Can you point me to sources on these numbers?

    _Combined_ paid circulation? Do they still meet the requirements to be considered professional magazines?

  12. The cover art is credited to Yu Lu (于路), a graphic novelist and illustrator. I’m not very familiar with his SF material; his books a few years back were heavily inspired by anime styles.

    It’s actually fairly standard practice to run long fiction in magazines alongside novellas and short stories. The four or five major literary magazines run full-length novels each month (much of it by well-known authors, no less), and many of these are published in stand-alone books afterward, should the situation warrant. All of the translation journals do it, too. It’s good for exposure, certainly – even though any numbers should be taken with a grain of salt since there is no industry-wide auditing system in place, I’d guess the circulation on average is still an order of magnitude beyond what could be expected for a first-run book, because of both availability (a newsstand carrying it won’t be hard to find) and price (10 yuan = $1.25 for the magazine vs. 36 yuan = $4.50 for the newly-released American Gods for example).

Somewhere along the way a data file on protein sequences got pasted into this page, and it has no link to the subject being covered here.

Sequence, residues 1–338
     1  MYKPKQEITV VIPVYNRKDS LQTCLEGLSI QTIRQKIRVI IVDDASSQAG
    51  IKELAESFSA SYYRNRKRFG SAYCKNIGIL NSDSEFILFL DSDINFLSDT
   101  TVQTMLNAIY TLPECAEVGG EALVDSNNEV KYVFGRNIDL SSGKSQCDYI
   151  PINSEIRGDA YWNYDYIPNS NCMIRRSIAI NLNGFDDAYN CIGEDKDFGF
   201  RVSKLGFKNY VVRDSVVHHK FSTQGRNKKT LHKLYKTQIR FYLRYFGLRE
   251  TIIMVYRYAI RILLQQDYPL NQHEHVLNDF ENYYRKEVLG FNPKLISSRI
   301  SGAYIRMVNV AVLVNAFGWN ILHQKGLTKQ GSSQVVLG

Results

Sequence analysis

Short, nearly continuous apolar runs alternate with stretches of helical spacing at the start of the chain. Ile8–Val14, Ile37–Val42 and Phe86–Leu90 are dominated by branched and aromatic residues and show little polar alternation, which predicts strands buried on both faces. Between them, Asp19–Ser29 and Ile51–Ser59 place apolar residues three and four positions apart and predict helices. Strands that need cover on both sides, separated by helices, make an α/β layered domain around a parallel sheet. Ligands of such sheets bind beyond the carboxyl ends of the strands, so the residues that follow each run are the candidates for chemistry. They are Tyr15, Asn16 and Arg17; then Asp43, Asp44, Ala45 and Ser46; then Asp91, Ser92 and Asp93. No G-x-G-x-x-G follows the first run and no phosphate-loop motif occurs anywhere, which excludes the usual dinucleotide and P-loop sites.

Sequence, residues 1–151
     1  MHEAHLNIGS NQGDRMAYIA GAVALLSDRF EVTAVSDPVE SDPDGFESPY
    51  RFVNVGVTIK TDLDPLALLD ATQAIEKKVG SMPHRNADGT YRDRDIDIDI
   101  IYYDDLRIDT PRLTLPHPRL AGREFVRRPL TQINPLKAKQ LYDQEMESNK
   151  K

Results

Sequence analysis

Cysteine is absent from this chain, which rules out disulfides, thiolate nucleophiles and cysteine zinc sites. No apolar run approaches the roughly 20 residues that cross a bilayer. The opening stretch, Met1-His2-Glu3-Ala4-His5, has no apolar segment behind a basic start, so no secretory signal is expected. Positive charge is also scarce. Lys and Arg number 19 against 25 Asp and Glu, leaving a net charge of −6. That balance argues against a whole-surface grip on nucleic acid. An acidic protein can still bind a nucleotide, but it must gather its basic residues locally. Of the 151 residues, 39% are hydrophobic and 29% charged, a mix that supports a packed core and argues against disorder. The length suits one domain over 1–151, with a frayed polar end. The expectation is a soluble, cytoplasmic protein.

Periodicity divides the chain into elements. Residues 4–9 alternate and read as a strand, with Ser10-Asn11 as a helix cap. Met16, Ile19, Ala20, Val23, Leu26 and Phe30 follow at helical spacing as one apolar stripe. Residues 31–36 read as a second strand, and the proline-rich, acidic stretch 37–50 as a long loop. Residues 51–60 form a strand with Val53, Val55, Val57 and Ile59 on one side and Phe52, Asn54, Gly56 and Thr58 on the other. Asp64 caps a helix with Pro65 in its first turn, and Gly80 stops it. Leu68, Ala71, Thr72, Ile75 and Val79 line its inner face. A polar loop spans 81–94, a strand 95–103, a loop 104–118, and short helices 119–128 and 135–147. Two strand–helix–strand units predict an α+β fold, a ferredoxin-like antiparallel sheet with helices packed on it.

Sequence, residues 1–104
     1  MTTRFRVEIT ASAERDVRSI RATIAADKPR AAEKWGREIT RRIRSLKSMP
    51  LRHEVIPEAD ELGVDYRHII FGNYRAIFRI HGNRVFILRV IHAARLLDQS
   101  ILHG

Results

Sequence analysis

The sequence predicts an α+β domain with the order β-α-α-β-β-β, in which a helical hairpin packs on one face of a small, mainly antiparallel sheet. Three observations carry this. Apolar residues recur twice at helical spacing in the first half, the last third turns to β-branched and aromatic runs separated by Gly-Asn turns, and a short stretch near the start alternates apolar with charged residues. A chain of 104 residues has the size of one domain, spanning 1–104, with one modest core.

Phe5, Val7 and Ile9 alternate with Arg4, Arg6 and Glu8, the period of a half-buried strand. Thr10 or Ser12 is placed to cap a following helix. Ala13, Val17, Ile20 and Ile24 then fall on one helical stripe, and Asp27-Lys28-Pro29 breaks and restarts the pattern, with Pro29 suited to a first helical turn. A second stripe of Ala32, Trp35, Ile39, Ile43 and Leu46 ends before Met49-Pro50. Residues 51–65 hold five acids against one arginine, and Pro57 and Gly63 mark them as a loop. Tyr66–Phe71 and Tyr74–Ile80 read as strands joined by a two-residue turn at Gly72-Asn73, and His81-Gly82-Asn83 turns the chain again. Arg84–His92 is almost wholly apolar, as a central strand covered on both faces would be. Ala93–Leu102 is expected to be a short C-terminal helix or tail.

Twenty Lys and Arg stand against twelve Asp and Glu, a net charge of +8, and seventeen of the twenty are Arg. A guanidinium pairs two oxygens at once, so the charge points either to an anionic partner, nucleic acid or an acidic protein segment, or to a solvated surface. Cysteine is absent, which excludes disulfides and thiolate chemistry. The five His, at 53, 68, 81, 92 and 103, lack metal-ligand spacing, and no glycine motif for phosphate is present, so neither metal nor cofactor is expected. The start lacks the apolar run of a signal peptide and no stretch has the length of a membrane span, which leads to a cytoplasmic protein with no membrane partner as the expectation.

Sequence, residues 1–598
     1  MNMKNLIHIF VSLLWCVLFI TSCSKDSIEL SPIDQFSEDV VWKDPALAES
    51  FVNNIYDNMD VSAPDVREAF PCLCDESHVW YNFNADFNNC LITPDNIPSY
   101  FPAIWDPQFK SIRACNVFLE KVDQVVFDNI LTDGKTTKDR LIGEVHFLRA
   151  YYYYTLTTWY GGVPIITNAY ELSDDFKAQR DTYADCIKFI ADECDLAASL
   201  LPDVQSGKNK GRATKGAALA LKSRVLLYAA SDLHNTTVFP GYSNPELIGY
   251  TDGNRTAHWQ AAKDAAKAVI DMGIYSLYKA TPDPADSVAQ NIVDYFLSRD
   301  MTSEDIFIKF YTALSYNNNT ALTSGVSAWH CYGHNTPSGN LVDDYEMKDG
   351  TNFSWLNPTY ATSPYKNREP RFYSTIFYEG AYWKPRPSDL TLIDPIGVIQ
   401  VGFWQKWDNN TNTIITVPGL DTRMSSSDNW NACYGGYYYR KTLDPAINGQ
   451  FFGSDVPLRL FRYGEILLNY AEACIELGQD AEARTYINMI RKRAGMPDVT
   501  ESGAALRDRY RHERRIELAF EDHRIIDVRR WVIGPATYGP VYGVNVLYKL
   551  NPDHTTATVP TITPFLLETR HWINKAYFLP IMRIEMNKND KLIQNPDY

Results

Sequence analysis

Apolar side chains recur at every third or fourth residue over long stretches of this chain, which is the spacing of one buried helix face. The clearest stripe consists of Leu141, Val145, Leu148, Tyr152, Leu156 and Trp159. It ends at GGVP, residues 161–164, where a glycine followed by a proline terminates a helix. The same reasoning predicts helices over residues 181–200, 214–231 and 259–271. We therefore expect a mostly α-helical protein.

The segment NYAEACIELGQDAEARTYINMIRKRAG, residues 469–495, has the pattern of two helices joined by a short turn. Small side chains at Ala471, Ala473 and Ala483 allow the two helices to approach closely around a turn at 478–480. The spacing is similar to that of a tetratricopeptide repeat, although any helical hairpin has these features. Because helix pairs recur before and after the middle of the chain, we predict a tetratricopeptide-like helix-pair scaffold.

13. A little digging says that Analog might have 33k subscribers, in which case the ratio of readers between the Chinese magazine and Analog could be as high as 60:1.

    Note that if readership was proportional to population, the ratio would be closer to 4:1.

  14. James, the numbers I saw were on Warren Ellis’ site, here, and which were apparently taken from Gardner Dozois’ 2005 wrap-up. Anecdotally, these figures are in line with what I remember reading in Locus when they recapped 2005 circulation numbers.